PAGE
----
In Zanzibar, legend has it that Popo Bawa, a one-eyed demon with the body, ears and talons of a bat, swoops down on unbelieving males and rapes them, usually in times of upheaval.

The myth, which persists even now, tickled hotelier Emerson Skeens, and he placed a giant Japanese samurai kimono in the shape of the feared creature above one of the guest beds in his Stone Town hotel.

“It was a jokey thing for Emerson to do,” laughs Russell Bridgewood, the English manager of Emerson Spice, one of Africa’s most romantic and eccentric hotels.

“We don’t tell guests when they arrive, we tell them when they leave.”

It is a tantalising glimpse into the character of the man behind Emerson Spice, which has built its reputation on sumptuous and sensual interiors. Every room is a tribute to a great feminine icon, such as Aida, or the actress Katherine Hepburn, and is designed in its own unique style, but the stain-glassed windows, recherché fittings and Zanzibar antiques are a feature of all.

Sunset at Emerson Spice Hotel. [Photo/Jeff Hazell]

Skeens, a New Yorker and psychologist, relocated to Zanzibar in the late 1980s, and with his American partner, Thomas Green, a dancer, opened the famed Emerson and Green in 1994, converting a towering old Arab Sultan’s palace into a hotel with 20 foot ceilings and marble flooring, the décor reminiscent of something out of the Arabian Nights.

The two men parted company in 2003, and under Green’s stewardship, the hotel faded. It would later be bought and refurbished by a consortium of partners, friends of Skeens’.

Known now as Emerson on Hurumzi, it is located a few minutes’ walk from Emerson Spice, the crumbling merchant house that Skeen’s bought in 2006 and converted into a luxury boutique hotel over five years.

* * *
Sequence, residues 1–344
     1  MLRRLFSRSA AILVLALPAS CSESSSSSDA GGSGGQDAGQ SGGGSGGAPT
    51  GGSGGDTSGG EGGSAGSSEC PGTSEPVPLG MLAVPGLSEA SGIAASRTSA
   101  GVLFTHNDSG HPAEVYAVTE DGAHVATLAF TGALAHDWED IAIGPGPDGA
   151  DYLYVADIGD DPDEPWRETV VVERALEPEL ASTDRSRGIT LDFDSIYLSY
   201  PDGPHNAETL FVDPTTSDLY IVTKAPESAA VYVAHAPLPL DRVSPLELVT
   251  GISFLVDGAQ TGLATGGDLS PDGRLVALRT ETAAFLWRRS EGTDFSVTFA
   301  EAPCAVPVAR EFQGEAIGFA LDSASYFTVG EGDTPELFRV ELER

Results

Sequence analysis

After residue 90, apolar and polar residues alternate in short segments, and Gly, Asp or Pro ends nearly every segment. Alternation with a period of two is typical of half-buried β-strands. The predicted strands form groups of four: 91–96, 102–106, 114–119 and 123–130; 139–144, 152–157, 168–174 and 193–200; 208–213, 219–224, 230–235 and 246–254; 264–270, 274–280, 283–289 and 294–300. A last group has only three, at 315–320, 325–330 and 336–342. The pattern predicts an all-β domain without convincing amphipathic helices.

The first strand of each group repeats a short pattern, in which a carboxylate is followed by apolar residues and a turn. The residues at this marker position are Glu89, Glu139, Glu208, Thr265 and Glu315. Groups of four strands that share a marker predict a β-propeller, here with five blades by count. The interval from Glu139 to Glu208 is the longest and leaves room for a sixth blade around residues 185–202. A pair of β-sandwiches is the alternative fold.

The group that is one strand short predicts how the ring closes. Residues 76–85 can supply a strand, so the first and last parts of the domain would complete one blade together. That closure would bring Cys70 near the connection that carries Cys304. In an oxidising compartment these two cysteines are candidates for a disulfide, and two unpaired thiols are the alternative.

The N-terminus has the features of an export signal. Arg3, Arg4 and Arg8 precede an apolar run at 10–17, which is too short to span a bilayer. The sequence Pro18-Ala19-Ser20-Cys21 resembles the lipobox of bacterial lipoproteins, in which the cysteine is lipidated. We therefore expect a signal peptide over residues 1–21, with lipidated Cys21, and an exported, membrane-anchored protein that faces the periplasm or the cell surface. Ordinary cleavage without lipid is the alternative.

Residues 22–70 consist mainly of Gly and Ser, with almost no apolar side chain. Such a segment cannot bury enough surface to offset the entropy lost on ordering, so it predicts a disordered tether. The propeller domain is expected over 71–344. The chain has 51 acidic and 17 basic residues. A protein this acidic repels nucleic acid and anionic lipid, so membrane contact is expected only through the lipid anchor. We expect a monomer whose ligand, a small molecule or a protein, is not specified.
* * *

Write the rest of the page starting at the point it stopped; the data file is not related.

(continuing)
The original hotel was, Skeens would say, the more masculine of the two. Emerson Spice was, by contrast, “more feminine, smaller and more beautiful – as he put it,” says Bridgewood, a long-time friend of the hotelier, who died in 2014 from cancer.

“His motto was: if you’re going to pay to stay somewhere, you should have fun by just staying there,” he says.

“So every room has a lot of fun, whether it be hammocks on the balcony, or an outdoor shower, or a swing within a pagoda. It was always a bit quirky.”

“The bathtubs were very much his signature – the bathtubs always had room for two.”

The Zanzibar archipelago is in the Indian Ocean about 16 miles off the Tanzanian coast. Once an important Arab trading post, it is famous for its rich history, spice-laden bazaars, and white beaches.

[Photo/Andrew Morgan and Amani Kisuku]

Tourism has taken a hit in recent years, but as the security and political situation starts to settle down, there’s little reason we can think of not to visit.

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